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Chomsky Classic

Chomsky Classic

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Published by Michael Drew Prior
For very strong, truth-based criticism of the government of the USA, Chomsky is incomparable. His ability to clearly bring forward innumerable relevant facts and contexts is truly incredible. If any American President had one little bit of the positively directed intelligence and motivation that Noam Chomsky consistently shares, we would experience a new birth of good sense and goodness--rather than the travesty of violence that most Americans, deluded as they are, fail to notice is currently filling in for a decent and wise foreign policy. Really, what we could use, better than any particular kind of President of the U.S., is an American citizenry that is strongly motivated to see that the international relations of their country are conducted in a decent and good way--that would require a truly vast change.
For very strong, truth-based criticism of the government of the USA, Chomsky is incomparable. His ability to clearly bring forward innumerable relevant facts and contexts is truly incredible. If any American President had one little bit of the positively directed intelligence and motivation that Noam Chomsky consistently shares, we would experience a new birth of good sense and goodness--rather than the travesty of violence that most Americans, deluded as they are, fail to notice is currently filling in for a decent and wise foreign policy. Really, what we could use, better than any particular kind of President of the U.S., is an American citizenry that is strongly motivated to see that the international relations of their country are conducted in a decent and good way--that would require a truly vast change.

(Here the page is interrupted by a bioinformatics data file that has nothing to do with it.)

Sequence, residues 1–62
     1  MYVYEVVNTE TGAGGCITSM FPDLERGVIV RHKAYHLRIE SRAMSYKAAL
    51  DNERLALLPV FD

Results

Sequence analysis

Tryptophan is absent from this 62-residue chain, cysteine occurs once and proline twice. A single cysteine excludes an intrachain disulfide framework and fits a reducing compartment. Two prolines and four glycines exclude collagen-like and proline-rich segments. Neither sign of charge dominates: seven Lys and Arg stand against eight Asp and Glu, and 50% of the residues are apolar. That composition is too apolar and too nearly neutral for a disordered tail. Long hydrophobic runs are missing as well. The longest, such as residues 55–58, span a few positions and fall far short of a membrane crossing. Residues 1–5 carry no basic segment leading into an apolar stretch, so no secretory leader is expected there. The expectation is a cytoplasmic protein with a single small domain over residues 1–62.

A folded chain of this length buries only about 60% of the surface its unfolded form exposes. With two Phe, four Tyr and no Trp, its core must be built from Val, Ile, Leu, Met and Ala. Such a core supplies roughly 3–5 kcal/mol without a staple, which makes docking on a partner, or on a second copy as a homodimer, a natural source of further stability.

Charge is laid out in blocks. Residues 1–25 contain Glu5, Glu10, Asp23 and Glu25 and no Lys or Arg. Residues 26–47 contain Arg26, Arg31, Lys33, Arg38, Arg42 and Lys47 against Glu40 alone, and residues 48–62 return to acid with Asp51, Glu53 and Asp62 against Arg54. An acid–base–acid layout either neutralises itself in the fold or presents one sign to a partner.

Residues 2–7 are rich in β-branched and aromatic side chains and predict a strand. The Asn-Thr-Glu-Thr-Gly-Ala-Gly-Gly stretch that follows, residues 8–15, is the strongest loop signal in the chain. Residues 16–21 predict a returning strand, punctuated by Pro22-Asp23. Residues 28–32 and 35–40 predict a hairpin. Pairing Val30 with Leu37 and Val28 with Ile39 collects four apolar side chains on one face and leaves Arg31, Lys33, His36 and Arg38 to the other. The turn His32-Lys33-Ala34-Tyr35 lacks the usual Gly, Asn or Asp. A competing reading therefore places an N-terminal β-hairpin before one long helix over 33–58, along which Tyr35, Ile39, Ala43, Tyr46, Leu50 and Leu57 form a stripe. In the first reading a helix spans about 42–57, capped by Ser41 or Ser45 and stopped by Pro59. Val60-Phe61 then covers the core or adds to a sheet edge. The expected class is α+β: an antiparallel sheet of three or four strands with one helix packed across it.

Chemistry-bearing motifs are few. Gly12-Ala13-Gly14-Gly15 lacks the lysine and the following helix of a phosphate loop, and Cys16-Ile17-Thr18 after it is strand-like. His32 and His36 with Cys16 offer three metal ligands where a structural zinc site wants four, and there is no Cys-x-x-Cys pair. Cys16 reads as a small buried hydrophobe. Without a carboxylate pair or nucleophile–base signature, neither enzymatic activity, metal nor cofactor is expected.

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Published by: Michael Drew Prior on Aug 25, 2013
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06/27/2014

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Chomsky Classic: We Have the Means to End Civilization as WeKnow It—How Revolutionary Pacifism Can Preserve the Species
 August 23, 2013
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Editor's Note:
The following is the text of lecture given by Chomsky upon being awarded theSydney Peace Prize 
[3] 
,November 1, 2011. It remains one of the most powerful and  persuasive arguments for recognizing the dangers that modern,industrialized warfare pose to the future of humankind.
] As we all know, the United Nations was founded “to savesucceeding generations from the scourge of war.” The words canonly elicit deep regret when we consider how we have acted tofulfill that aspiration, though there have been a few significantsuccesses, notably in Europe.For centuries, Europe had been the most violent place on earth,with murderous and destructive internal conflicts and the forgingof a culture of war that enabled Europe to conquer most of theworld, shocking the victims, who were hardly pacifists, but were“appalled by the all-destructive fury of European warfare,” in thewords of British military historian Geoffrey Parker. And [it] enabled Europe to impose on its conquests what AdamSmith called “the savage injustice of the Europeans,” England inthe lead, as he did not fail to emphasize. The global conquesttook a particularly horrifying form in what is sometimes called “the Anglosphere,” England and its offshoots, settler-colonial societiesin which the indigenous societies were devastated and their people dispersed or exterminated.But since 1945 Europe has become internally the most peacefuland in many ways most humane region of the earth — which isthe source of some its current travail, an important topic that I willhave to put aside.